No More Hand Checking

johnson and crawford

College basketball will take a different route this upcoming season concerning defense. Who will it affect? How will it affect the sport? Those questions will be answered as the season gets going. As for senior guard Joe Jackson and coach Pastner, they will have to adjust to the new rules.

Remember when players could hand-check their opponents? Well, that will no longer be allowed in college basketball. If so, then it will result in a foul being called. Curtis Shaw, coordinator of the American Athletic Conference, spoke on the matter during a 15-minute presentation.

“To me, this is the best potential thing that could come to the game,” Shaw told the players. “What the powers that be are trying to do is free the game up. You’re great athletes. We want you to be great basketball players.”

Teams have been scoring in the low 70’s and high 60’s lately. Last season, teams averaged 67.5 points a game and shot 43.3 percent from the field. Both of these averages are the lowest since 1952 and 1965, respectively.

Here are the new rules:

Defensive players will be called for a foul if

1. They keep a hand or forearm on the dribbler

2. Put two hands on the dribbler

3. Continually jab at the dribbler with a hand or forearm

4. Use an arm bar to impede his progress

During the offseason, Jackson has been practicing with the fact that defensive guys will hand-check him at all times during the season. Jackson wasn’t expecting for the rules to change, but he seemed happy with the new rules.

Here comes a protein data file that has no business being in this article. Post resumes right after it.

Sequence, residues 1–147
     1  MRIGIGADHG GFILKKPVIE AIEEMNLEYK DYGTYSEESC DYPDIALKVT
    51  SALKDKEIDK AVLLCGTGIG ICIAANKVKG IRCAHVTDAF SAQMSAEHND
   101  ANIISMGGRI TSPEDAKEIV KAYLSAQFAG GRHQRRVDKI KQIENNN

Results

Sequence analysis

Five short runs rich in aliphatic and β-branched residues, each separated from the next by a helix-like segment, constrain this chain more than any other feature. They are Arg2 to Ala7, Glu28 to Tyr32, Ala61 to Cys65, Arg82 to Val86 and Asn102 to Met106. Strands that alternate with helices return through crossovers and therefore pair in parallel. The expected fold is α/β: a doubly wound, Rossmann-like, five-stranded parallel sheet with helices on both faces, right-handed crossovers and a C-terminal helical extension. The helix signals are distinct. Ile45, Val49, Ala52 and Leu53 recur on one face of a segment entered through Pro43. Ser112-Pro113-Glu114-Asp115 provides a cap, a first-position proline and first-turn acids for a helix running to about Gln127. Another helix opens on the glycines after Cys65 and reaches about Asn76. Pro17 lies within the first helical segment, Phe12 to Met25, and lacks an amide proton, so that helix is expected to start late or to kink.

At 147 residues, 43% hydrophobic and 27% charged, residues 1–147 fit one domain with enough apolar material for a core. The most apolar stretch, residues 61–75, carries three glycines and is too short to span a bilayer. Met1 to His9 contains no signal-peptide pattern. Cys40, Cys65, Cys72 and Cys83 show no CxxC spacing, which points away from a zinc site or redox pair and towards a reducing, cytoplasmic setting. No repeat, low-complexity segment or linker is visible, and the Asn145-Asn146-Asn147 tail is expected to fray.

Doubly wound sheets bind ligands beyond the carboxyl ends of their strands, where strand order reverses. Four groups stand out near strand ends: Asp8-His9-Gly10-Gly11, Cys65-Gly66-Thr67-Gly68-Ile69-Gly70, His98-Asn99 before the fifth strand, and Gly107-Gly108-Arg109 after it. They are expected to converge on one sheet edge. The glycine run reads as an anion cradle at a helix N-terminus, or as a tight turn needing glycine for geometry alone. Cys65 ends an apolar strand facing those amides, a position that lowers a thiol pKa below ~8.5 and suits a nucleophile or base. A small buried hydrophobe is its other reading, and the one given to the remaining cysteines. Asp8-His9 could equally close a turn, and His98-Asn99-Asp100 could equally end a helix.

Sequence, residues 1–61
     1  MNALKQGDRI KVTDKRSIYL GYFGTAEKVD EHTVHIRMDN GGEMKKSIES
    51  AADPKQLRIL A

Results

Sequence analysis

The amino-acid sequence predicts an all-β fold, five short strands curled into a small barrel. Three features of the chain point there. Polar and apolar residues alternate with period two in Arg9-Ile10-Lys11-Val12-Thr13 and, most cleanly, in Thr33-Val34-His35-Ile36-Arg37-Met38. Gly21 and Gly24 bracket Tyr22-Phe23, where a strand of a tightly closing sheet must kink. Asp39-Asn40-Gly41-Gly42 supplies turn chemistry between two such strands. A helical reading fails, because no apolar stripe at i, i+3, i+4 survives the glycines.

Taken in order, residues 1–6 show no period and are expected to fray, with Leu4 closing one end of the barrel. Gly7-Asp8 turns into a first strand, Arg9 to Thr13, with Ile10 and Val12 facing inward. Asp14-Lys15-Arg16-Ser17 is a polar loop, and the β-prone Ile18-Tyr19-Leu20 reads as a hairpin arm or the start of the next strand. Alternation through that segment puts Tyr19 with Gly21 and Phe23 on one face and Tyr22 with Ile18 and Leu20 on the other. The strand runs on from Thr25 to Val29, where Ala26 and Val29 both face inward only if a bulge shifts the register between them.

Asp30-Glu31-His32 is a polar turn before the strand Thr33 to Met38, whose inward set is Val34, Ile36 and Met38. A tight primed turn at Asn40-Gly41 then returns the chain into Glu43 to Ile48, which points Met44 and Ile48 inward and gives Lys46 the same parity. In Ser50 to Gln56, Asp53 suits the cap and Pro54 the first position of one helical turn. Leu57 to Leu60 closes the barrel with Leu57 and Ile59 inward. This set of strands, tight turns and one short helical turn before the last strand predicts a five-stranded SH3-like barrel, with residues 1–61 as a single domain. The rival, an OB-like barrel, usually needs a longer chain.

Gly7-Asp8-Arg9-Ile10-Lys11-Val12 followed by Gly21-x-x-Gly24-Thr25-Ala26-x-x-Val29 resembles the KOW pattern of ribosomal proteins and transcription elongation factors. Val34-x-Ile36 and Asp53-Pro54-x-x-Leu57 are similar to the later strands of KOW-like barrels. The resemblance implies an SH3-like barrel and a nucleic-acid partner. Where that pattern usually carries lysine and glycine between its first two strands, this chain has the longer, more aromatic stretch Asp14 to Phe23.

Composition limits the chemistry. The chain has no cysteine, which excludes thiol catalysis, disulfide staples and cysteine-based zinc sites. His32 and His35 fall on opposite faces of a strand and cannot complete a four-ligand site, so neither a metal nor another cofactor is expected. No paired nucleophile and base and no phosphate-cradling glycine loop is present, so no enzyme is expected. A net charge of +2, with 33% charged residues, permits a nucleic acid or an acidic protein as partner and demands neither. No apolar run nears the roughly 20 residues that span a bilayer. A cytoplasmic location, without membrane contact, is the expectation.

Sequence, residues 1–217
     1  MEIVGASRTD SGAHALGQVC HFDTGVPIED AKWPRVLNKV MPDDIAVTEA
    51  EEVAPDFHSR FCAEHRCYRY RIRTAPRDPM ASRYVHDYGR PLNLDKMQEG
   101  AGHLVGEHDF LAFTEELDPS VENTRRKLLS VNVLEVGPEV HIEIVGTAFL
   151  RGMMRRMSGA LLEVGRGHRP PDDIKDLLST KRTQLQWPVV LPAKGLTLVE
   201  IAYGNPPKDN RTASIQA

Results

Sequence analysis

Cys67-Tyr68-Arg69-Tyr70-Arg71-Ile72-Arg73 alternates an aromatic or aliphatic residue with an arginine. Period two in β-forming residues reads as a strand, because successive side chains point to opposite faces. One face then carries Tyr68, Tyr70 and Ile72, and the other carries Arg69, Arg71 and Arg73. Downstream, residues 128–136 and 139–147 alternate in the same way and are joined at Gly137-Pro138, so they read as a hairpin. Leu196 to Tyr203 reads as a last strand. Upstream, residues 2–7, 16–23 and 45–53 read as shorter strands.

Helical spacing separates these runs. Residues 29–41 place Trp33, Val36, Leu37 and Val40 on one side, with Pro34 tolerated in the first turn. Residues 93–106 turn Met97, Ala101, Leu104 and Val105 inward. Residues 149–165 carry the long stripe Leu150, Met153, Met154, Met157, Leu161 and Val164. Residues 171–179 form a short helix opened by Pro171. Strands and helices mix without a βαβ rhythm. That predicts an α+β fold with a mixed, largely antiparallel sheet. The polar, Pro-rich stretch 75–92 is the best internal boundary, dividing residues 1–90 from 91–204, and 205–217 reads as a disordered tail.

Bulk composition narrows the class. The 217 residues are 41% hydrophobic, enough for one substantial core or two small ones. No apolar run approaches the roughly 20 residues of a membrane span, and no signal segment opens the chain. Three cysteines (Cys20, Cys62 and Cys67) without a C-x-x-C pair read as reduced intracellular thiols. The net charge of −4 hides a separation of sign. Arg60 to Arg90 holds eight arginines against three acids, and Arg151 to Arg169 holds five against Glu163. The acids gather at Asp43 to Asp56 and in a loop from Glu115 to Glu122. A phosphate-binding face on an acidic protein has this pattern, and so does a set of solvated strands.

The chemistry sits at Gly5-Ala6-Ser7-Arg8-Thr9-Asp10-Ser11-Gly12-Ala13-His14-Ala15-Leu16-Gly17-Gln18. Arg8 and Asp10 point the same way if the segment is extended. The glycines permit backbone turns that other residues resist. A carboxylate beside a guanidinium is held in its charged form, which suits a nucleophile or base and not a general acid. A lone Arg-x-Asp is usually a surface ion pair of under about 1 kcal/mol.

“Well, I’ve been working all summer with the pads for hand-checking. That’s what I’ve been playing for,” said Jackson. “So if you ain’t gonna be able to touch me? Then I’m just leaving it up to God.”

The new rules are suppose to contribute to high scoring games, but according to Seth Greenberg from ESPN, they may not happen.

“If they’re going to call it the way it’s supposed to be called and the coaches do not adjust, we’re not fitting games in two-hour windows. It may become a free-throw shooting contest,” said Greenberg. “I’m not sure it’s going to help scoring as much as maybe it’s perceived, unless it’s obviously carried over throughout the year.

The Memphis Tigers have had officials at their practices trying to adjust to the new rules. Pastner feels that his team has benefited from the refs being active at practice.

“I think Josh is really benefiting his team by having the officials there on his practices and calling it like we’re going to call it in the season. You can see the players are already adjusting. Now you can see them pull back,” said John St. Clair, a Division 1 basketball official from Memphis.

“We’re going to have to adjust, as is everybody else,” said Pastner.

I received this information from the Commercial Appeal.

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